The Hebrew word for mercy is hesed, and justice is mishpat. In the Old Testament, they are opposite sides of the same coin, although hesed is used more than any other word in the Bible to describe God’s love for us. But in the New Testament, they both are expressions of God’s love, where mercy trumps justice. What first-century rabbinic literature called God’s “two measures,” justice (mishpat) and mercy (hesed), were brought together on the cross, and all previous perceptions of justice turned upside down.
Grace gives us what we do not deserve; mercy delivers us from what we do deserve.
The Christian tradition refuses to separate love and justice. In fact, for Jesus, love may be the theological name for justice. Throughout the New Testament, justice gets swept up in righteousness, and both are swallowed up in love. According to Greek scholar Spiros Zodhiates, the root of both the Greek words for “justice” and “righteousness” refers to treating others according to their “character, function, and purpose” to achieve “harmony and congruity.” Is that not a good definition of love?
In Mary’s “Magnificat,” it was God’s mercy, not His justice, that performed the mighty deeds in the song. God’s mercy “scattered the proud,” “put down the mighty from their thrones,” and “exalted the lowly.” And the mercy of God is what “filled the hungry with good things” but sent the rich away empty. The distinctive sign of God’s mercy? It turns the tables on earthly power and prestige, and it elevates the least and the last.
Jesus was known not for His love of justice but for His love of mercy: “Blessed are the merciful,” He said, “for they shall obtain mercy.” And again, “Be merciful, just as your Father also is merciful.”
In the parable of the unforgiving servant, Jesus urges us to show mercy to those who sin against us. In fact, this theme is so strong that in Palm Sunday, Kurt Vonnegut claimed that mercy is the only good idea that has been introduced into the world thus far.
The Jesus Prayer is one of the treasures of the Orthodox Church, which these sisters and brothers believe sums up the gospel: “Lord Jesus Christ, Son of God, have mercy on me, a sinner.” The Orthodox repeat the Jesus Prayer over and over again in the course of a day.
Part of the struggle against injustice is to stop the passive consumption of culture and to enflesh faith in the hands and faces of mercy and love. Christians should be active participants in making and evangelizing this “recombinant culture” that is increasingly susceptible to “Rip. Mix. Burn” initiatives. But we do not aim to make it into a “Christian culture,” but a human culture that is merciful and hospitable to all humanity. We would be wise to remember that the best we can do is change the world; only Jesus can save the world. Jesus’ name means exactly who He is: “God saves.” The mission of Jesus is the redemption of the human race and the bringing forth of a new creation.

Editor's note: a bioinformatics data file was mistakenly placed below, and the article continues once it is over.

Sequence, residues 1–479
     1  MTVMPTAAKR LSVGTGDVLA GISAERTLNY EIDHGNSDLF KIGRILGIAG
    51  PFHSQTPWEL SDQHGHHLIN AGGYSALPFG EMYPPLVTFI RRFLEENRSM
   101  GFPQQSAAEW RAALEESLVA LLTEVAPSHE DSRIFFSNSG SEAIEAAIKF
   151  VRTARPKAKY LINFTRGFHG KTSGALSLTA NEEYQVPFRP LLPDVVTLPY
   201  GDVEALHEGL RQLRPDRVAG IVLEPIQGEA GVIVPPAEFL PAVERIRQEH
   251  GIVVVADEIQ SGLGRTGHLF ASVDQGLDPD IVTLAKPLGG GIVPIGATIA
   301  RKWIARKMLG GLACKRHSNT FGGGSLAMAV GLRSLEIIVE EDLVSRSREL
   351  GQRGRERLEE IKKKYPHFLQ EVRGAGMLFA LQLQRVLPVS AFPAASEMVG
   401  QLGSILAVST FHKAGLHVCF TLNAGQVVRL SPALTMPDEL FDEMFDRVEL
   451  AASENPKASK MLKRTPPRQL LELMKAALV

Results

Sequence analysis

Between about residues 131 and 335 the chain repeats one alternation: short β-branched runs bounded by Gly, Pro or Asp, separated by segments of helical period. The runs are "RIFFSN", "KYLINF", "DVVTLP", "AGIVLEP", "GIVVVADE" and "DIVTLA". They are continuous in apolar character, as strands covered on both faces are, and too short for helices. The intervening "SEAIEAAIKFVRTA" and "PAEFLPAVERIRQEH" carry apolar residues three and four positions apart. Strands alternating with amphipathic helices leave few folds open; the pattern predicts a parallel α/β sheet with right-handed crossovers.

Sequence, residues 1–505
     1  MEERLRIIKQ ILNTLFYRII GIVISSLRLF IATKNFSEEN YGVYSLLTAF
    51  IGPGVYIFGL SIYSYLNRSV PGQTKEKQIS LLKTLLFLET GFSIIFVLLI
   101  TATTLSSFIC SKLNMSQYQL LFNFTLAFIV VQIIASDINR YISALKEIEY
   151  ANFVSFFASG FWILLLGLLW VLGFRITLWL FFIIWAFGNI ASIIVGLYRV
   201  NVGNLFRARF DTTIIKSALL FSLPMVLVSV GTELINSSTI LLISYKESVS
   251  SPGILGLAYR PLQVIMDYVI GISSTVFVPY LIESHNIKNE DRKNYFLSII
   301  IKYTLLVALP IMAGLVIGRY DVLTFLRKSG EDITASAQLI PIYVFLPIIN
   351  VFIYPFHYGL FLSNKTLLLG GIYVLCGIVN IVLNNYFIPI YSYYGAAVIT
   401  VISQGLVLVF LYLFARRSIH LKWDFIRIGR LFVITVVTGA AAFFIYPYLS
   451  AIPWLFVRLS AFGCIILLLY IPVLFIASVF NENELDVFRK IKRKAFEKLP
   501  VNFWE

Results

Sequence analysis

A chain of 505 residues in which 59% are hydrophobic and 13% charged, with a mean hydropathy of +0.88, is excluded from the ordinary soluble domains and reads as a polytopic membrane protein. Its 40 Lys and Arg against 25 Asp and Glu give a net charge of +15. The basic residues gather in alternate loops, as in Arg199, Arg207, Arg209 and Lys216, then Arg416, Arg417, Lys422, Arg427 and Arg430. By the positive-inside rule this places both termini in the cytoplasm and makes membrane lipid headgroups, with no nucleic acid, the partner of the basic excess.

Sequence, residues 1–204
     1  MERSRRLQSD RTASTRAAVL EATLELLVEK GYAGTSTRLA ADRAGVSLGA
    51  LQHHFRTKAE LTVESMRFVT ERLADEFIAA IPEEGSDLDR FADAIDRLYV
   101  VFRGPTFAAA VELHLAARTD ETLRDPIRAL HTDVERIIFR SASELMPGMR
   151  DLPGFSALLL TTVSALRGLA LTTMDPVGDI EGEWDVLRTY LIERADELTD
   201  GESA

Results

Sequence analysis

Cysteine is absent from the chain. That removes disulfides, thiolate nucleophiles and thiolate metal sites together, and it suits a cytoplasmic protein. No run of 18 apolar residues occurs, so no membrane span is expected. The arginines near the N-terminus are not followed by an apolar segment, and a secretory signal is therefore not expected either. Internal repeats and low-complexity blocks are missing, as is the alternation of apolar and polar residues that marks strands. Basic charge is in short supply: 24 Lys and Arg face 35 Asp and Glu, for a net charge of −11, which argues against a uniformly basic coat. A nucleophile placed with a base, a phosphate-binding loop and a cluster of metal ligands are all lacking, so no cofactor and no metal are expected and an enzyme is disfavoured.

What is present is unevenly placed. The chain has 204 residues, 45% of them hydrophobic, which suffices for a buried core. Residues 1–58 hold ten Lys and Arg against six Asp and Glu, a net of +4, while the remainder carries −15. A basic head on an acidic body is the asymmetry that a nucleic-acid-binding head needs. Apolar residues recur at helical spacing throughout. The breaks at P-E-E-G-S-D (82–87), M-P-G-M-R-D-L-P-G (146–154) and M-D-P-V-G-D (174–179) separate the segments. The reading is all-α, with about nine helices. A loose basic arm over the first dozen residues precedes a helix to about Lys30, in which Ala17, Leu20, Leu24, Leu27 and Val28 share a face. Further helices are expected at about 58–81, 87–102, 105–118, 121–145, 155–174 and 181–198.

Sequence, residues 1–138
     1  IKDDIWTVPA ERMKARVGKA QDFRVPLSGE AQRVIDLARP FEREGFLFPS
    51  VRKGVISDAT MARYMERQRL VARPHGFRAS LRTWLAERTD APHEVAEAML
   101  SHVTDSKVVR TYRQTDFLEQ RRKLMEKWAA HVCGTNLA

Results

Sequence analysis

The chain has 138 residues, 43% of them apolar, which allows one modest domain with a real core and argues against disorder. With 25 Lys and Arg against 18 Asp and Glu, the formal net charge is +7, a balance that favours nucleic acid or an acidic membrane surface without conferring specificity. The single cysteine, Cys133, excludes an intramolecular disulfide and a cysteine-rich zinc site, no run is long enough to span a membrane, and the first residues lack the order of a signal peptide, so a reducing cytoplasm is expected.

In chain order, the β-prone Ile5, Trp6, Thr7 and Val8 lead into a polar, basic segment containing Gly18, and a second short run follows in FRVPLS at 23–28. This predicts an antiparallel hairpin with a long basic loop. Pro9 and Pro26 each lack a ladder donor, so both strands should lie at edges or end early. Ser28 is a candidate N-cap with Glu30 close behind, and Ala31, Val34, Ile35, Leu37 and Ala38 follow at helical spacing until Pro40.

The current understanding of justice assumes freedom from suffering. In fact, there is a prevalent assumption that it is our just right to have no suffering or pain and, if we suffer, it is inherently unjust. Jesus Himself confronted this in the famous exchange with Peter in Mark 8.24
See, I return good for evil, love for injuries,
and for deeper wounds a deeper love.
—the crucified Christ’s
message to the world, as
written in the fifth century by
Father Peter Chrysologus
But crucified beauty, crucified goodness, crucified truth are God’s notions of justice. The kingdom of God is the reign of mercy and compassion and shalom (peace), which is about right relationships in the midst of all that brings suffering. Justice does not assume freedom from suffering. After all, it was God’s relational being that led to the creation of an imperfect world—one of pain and sickness and death. A perfect world would not have been God’s companion, only His automaton. A “just world” would have been God’s self-reflection—with no rejection, but no romance either; with no betrayal, but also no freedom.
Philosopher John MacMurray, in his Gifford Lectures at Glasgow in the mid-twentieth century, which made such an impression on future prime minister Tony Blair, made this comparison: “The maxim of illusory religion runs: ‘Fear not; trust in God and he will see that none of the things you fear will happen to you’; that of real religion, on the contrary, is: ‘Fear not, the things that you are afraid of are quite likely to happen to you, but they are nothing to be afraid of.’”
Jesus doesn’t offer us perfect health and massive wealth. What He does offer us is eternal life and a relationship with Himself, in which nothing can separate us from God’s love. Followers of the Root of David are like bent, gnarled trees on the Oregon coast. The south wind warms them; the gray sunshine nourishes them; the mists of rain and fog fertilize them; and the cold winter winds toughen them.
When the church confronts moments of status confessionis, when the church must speak a “Thus says the Lord” on politics, the suffering will increase, not diminish. But these moments of status confessionis are rare, and their very rarity makes them more powerful, so when the church does speak, people listen. The meaning of Christianity does not come from allegiance to principles of justice or complex theological doctrines, but from a passionate love for a way of living in the world that revolves around following Jesus, who taught that love is what makes life a success; not wealth or health or anything else. Only love.
Christians don’t follow Christianity. They follow Christ. Jesus believed that the purpose of the Law was to structure a way of living together that He called “love.” It is not law versus love. Rather, it is law of love. The main theme in the preaching of Jesus was that life with the Father was all about love.